Daily Gleanings (7 May 2019)

Doist provides a “complete guide to deep work.” The essay is mainly geared toward summarizing the advice of Cal Newport’s Deep Work with some additional insertions from Digital Minimalism.

Both books are definitely worth reading. But Doist’s essay is a thorough crash course on the basics.

Douglas Estes offers some helpful reflections on perfectionism, especially as it affects academic writing.

On perfectionism and writing, see also Ryder Carroll’s pithy analysis of perfectionism versus failure.

Didaktikos 1

https://didaktikosjournal.com/Faithlife has launched a new journal specifically for faculty, Didaktikos, which focuses on issues related to theological education. The primary editor is Douglas Estes, and the editorial board includes Karen Jobes, Randolph Richards, Beth Stovell, and Douglas Sweeney. The inaugural issue includes authors and topics of broad interest:

• Mark Noll talks about teaching with expertise and empathy.
• Craig Evans, Jennifer Powell McNutt, and Fred Sanders write about recent trends in biblical archaeology, church history, and theology (respectively).
• Grant Osborne shares wisdom from his 40-year teaching career.
• Craig Keener writes about writing.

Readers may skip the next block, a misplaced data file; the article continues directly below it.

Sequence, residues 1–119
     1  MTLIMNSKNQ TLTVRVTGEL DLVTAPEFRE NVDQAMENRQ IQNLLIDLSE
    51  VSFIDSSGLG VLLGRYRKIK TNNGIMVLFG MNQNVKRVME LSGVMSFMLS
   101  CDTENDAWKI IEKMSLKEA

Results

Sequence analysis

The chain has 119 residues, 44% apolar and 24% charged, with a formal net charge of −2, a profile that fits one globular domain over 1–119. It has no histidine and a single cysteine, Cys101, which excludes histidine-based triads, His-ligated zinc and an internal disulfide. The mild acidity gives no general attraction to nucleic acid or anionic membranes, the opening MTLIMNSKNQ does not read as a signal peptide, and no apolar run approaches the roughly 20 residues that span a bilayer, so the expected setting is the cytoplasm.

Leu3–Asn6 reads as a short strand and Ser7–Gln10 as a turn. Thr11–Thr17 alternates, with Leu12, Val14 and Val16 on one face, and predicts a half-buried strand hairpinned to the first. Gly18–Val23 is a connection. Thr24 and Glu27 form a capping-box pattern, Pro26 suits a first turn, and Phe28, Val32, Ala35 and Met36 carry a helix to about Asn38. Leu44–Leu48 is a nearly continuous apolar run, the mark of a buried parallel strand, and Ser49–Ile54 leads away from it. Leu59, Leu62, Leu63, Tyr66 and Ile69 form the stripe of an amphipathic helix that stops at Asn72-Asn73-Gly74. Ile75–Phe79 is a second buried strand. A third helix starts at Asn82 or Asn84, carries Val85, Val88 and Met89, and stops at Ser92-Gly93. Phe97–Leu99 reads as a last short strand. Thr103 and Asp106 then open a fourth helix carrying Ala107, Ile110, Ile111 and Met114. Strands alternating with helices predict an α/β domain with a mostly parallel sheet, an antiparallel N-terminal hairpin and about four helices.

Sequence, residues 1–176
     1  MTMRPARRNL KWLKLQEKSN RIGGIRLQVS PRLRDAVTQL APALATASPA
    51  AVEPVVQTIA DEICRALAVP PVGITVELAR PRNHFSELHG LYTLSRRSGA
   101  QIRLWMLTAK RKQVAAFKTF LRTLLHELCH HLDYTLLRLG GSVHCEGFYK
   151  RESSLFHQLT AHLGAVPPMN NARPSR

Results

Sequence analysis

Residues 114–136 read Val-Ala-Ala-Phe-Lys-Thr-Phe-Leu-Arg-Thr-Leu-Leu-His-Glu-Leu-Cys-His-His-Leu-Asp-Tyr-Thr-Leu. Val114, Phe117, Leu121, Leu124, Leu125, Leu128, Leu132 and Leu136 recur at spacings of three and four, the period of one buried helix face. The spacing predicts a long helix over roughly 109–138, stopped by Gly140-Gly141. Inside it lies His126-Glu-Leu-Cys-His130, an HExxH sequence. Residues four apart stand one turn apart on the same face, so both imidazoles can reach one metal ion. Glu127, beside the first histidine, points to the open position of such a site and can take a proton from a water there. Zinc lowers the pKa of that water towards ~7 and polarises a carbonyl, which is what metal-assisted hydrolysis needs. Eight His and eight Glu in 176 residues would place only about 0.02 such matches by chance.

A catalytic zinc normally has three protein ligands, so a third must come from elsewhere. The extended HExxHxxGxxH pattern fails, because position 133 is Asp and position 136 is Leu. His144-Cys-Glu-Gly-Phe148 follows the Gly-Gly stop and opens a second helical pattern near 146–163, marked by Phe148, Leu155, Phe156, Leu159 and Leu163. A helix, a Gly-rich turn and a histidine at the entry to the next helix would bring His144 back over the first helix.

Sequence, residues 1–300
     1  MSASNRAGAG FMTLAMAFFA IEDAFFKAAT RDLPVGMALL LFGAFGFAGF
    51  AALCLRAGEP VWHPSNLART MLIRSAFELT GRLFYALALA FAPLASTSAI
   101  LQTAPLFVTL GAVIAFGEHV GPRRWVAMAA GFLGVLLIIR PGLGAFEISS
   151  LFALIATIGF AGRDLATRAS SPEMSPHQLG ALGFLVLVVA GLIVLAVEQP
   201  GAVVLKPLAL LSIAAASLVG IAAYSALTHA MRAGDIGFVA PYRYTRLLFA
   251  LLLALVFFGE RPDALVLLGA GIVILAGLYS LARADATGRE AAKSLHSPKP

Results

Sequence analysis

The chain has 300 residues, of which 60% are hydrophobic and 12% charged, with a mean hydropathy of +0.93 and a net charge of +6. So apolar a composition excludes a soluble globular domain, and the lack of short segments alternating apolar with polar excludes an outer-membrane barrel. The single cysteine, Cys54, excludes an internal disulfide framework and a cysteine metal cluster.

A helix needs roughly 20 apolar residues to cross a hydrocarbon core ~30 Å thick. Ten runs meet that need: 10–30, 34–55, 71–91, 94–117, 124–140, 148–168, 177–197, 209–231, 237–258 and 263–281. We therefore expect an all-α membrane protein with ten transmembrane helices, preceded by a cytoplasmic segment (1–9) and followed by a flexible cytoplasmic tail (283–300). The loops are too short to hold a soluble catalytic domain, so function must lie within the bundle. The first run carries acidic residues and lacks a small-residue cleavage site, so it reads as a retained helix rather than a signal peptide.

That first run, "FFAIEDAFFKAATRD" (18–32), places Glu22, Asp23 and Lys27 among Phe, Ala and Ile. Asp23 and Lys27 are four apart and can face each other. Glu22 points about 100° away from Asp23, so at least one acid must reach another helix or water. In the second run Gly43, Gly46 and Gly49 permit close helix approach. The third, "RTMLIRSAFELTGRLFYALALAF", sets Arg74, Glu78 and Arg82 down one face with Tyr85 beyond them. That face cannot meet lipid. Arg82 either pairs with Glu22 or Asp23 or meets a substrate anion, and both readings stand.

• Jan Verbruggen covers some fascinating research into the earliest alphabet (and it’s not Phoenician).
• Joanne Jung has written a helpful article on how to write effective prompts for online discussions.
• Darrell Bock discusses an overlooked area of NT studies.
• Stephen Witmer, an adjunct at Gordon-Conwell, shares solid insights about the synergy between teaching and pastoring.

Interested faculty can find more information and subscribe on the Didaktikos website or the journal’s announcement on the Logos Academic Blog.

Qumran Cave 12: Update

Since my previous post about Qumran Cave 12, a few other noteworthy articles have cropped up, including on:

Much of what is in these articles about the new find is also in other reports. But, the Times piece confirms that

Experts at the Dead Sea Scroll Laboratories in Jerusalem … plan to carry out multispectral imaging of the [apparently blank parchment fragment] to reveal any ink invisible to the naked eye.

Such plans weren’t entirely clear from what I’d seen thus far, though it would seem to be a logical step for the sake of thoroughness. Kudos to Jim Davila for his correct prior speculation about how to interpret some of the previous and seemingly more ambiguous comments touching these plans.